The Peak
(절정)

poem by
Yi Yuk-sa (이육사)
year of publication
1940
poetry collection
Yuk-sa Poetry Collection (육사 시집), 1946
절정
The Peak

매운 계절의 채찍에 갈겨
Whip-lashed by the stinging season
마침내 북방으로 휩쓸려 오다
I end up thrown to the far north at last

하늘도 그만 지쳐 끝난 고원
As even the sky fades from exhaustion
서릿발 칼날진 그 위에 서다
I am on the high plain's razor sharp frost

어데다 무릎을 꿇어야 하나?
Where should I kneel my knees down?
한 발 재겨 디딜 곳조차 없다
There's not even room to get a foot in

이러매 눈 감아 생각해 볼밖에
This makes me close my eyes and think
겨울은 강철로 된 무지갠가 보다
How winter is a rainbow of hardened steel
절정

매운 계절의 채찍에 갈겨
마침내 북방으로 휩쓸려 오다

하늘도 그만 지쳐 끝난 고원
서릿발 칼날진 그 위에 서다

어데다 무릎을 꿇어야 하나?
한 발 재겨 디딜 곳조차 없다

이러매 눈 감아 생각해 볼밖에
겨울은 강철로 된 무지갠가 보다

The Peak

Whip-lashed by the stinging season
I end up thrown to the far north at last

As even the sky fades from exhaustion
I am on the high plain's razor sharp frost

Where should I kneel my knees down?
There's not even room to get a foot in

This makes me close my eyes and think
How winter is a rainbow of hardened steel
snow covered field
photo by invisiblepower from pexels.com

Yi Yuk-sa (이육사) is known for his resistance against the occupying Japanese authorities. While there were many intellectuals who resisted and fought, they were more an exception than norm if you take a critical look. It is not surprising either because, if you think about it, a powerful imperial state like Japan before the second world war was not something you could easily resolve to go against. Anyone doing that must have felt like a tiny egg before a towering boulder. So most people had no choice but to go with the reigning forces of the time, accepting it as destiny, even if they didn't condone or support the imperialists. There were even those who took it as an opportunity for personal gains and became the frontmen for the occupiers, which is something hard to accept but that is how the mass is.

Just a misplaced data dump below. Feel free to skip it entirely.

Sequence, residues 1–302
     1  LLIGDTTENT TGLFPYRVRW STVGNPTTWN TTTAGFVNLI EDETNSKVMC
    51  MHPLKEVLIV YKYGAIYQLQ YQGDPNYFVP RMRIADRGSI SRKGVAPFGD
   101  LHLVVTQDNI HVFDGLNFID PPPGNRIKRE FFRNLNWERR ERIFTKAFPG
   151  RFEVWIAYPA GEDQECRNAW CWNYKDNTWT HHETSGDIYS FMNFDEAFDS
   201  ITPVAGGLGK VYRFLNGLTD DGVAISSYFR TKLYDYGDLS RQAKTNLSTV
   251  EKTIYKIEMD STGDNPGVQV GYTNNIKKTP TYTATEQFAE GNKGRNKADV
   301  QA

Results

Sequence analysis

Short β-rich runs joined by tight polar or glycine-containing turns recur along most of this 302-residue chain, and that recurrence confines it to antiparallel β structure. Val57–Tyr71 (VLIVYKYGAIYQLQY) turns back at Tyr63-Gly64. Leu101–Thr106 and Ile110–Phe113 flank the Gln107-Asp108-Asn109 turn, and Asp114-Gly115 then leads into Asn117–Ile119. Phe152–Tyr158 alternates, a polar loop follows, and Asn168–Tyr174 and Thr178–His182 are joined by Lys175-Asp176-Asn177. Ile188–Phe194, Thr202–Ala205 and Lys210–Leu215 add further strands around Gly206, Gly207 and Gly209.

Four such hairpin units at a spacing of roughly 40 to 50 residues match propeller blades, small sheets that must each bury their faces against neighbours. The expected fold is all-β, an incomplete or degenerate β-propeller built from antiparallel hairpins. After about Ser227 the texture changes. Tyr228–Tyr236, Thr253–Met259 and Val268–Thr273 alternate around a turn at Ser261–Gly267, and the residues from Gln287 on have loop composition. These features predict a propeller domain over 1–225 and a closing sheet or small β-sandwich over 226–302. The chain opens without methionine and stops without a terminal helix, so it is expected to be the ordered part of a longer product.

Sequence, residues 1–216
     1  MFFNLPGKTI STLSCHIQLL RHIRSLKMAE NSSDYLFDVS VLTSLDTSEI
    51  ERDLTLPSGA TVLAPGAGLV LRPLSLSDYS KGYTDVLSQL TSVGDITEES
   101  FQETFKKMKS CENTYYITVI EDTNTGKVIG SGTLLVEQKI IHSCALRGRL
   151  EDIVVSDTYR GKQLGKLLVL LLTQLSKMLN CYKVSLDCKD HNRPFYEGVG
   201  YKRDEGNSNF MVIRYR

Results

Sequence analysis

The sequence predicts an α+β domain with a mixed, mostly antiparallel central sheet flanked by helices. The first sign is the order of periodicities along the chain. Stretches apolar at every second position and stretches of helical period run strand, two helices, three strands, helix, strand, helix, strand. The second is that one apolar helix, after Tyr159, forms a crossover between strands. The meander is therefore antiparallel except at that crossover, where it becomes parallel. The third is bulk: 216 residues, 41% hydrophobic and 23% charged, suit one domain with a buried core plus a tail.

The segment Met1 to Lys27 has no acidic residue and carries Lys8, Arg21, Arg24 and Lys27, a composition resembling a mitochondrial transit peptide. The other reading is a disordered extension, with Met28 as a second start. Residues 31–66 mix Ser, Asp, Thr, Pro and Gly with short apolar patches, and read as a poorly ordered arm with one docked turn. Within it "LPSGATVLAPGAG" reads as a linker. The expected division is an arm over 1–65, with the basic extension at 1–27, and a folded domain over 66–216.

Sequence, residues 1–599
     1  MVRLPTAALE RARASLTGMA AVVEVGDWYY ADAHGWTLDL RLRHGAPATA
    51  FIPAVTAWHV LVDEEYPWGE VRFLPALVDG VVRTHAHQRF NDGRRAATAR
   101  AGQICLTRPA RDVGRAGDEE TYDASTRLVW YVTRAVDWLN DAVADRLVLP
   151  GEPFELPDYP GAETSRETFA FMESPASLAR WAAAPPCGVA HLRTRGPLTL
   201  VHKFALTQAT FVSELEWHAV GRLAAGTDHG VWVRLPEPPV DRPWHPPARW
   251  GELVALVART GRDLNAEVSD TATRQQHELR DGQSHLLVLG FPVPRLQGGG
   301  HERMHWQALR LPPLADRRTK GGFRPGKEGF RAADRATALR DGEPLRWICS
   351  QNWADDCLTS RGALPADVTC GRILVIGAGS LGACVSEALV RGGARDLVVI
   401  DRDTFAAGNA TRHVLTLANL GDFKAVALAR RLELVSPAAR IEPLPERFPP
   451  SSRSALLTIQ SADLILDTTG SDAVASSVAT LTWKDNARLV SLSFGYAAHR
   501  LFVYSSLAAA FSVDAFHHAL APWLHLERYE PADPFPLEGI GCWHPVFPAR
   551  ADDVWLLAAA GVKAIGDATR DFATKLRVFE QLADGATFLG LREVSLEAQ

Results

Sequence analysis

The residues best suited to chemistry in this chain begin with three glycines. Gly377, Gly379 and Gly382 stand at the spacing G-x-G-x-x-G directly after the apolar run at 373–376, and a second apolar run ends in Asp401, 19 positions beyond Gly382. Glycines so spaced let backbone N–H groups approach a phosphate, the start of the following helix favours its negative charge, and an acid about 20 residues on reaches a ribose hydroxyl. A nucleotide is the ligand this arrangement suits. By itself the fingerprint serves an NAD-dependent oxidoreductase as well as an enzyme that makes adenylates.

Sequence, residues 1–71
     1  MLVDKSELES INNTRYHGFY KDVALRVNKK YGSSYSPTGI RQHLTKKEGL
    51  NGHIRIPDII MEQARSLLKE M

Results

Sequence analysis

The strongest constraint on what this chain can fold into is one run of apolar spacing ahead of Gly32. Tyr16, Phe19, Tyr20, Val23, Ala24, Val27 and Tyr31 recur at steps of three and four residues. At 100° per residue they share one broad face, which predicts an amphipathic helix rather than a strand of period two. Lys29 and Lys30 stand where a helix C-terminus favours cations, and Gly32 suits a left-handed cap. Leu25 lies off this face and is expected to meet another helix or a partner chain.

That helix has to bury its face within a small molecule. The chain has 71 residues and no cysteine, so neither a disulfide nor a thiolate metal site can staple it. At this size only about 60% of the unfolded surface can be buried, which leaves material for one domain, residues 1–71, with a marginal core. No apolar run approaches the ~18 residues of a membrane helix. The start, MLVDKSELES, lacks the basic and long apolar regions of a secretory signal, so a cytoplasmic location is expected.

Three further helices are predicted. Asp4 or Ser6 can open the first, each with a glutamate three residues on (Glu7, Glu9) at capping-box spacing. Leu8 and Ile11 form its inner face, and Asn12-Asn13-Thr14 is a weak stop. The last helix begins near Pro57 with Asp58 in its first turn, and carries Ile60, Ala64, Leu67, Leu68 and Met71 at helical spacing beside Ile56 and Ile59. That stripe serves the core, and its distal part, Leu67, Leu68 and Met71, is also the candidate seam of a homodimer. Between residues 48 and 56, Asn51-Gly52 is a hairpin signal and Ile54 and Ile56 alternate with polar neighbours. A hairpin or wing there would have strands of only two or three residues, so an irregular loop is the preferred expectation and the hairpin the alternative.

Yi Yuk-sa was on the opposite end of it. He fought all his life with remarkable consistency. It appears he never wavered until the end, and his resistance didn't merely consist of giving moral support but pretty much ran the whole gamut of it short of actually firing shots at the Japanese troops. He is said to have been arrested and jailed seventeen times for subversive activities, and when he was not he was often an operative working with the resistance groups in what was then Manchuria as well as China. The Peak must have been written in his later years when he had to flee to the north to escape the hands of the Japanese hot on his tail. The poem reads like a short journal entry about the dire circumstances. A man of iron will, he transcended the limits of everyman, demonstrating the fortitude of a fighter for the just cause in the face of seemingly insurmountable opposing forces. His name lives on in the body of works that recorded his trials and tribulations, of which The Peak is one fine example.

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Yi Yuk-sa (이육사)

Respectfully remembered activist intellectual who dedicated his life for indepence and betterment of Korea at a time when it was at the mercy of imperialism.

aritist
Yi Yuk-sa (이육사, 李陸史), poet and activist
birth name
Yi Won-rok (이원록, 李源祿)
nationality
Korea
born
May 18, 1904, in Andong, Korea (경상북도 안동군)
died
January 16, 1944, in Beijing, China
genre
lyric poetry, with political overtones
major works
The Wilderness (광야)
Green Grapes (청포도)
The Peak (절정)
Twilight (황혼)
Tall Tree (교목)
Plantain (파초)
The Sea's Heart (바다의 마음)
Flower (꽃)